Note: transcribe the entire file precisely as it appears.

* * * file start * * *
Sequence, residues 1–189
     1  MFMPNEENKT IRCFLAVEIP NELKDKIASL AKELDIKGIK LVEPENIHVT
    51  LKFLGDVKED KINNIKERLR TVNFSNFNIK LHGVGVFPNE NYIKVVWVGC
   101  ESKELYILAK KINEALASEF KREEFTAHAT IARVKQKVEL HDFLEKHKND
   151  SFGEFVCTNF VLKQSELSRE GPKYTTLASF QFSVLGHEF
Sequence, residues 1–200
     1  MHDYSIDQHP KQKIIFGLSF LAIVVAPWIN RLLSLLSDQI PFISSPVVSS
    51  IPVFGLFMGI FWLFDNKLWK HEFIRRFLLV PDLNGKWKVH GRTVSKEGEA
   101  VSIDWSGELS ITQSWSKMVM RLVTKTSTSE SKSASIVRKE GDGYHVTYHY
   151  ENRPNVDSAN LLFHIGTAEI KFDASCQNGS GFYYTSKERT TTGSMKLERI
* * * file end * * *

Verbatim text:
Sequence, residues 1–189
     1  MFMPNEENKT IRCFLAVEIP NELKDKIASL AKELDIKGIK LVEPENIHVT
    51  LKFLGDVKED KINNIKERLR TVNFSNFNIK LHGVGVFPNE NYIKVVWVGC
   101  ESKELYILAK KINEALASEF KREEFTAHAT IARVKQKVEL HDFLEKHKND
   151  SFGEFVCTNF VLKQSELSRE GPKYTTLASF QFSVLGHEF
Sequence, residues 1–200
     1  MHDYSIDQHP KQKIIFGLSF LAIVVAPWIN RLLSLLSDQI PFISSPVVSS
    51  IPVFGLFMGI FWLFDNKLWK HEFIRRFLLV PDLNGKWKVH GRTVSKEGEA
   101  VSIDWSGELS ITQSWSKMVM RLVTKTSTSE SKSASIVRKE GDGYHVTYHY
   151  ENRPNVDSAN LLFHIGTAEI KFDASCQNGS GFYYTSKERT TTGSMKLERI